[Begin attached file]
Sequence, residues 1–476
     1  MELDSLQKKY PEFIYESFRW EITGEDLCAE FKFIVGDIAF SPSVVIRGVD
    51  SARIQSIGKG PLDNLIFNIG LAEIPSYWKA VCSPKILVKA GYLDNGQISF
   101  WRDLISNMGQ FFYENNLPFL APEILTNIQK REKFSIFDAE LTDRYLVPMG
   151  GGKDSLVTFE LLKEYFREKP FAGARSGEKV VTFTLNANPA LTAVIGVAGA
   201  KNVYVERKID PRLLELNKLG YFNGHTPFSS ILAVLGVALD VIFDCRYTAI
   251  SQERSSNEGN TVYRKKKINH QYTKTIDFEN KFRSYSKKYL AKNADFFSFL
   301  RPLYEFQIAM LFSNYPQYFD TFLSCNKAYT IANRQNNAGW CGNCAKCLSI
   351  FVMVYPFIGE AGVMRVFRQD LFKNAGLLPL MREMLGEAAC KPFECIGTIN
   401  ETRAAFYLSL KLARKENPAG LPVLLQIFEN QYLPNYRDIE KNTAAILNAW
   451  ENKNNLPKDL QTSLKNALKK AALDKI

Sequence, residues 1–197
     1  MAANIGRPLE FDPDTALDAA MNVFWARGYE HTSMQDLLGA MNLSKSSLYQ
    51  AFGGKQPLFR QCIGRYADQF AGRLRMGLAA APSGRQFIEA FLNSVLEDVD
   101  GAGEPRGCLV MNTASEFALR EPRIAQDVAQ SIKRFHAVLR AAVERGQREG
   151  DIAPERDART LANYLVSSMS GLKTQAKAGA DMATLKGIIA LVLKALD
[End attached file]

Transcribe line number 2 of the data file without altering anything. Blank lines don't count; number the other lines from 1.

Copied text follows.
     1  MELDSLQKKY PEFIYESFRW EITGEDLCAE FKFIVGDIAF SPSVVIRGVD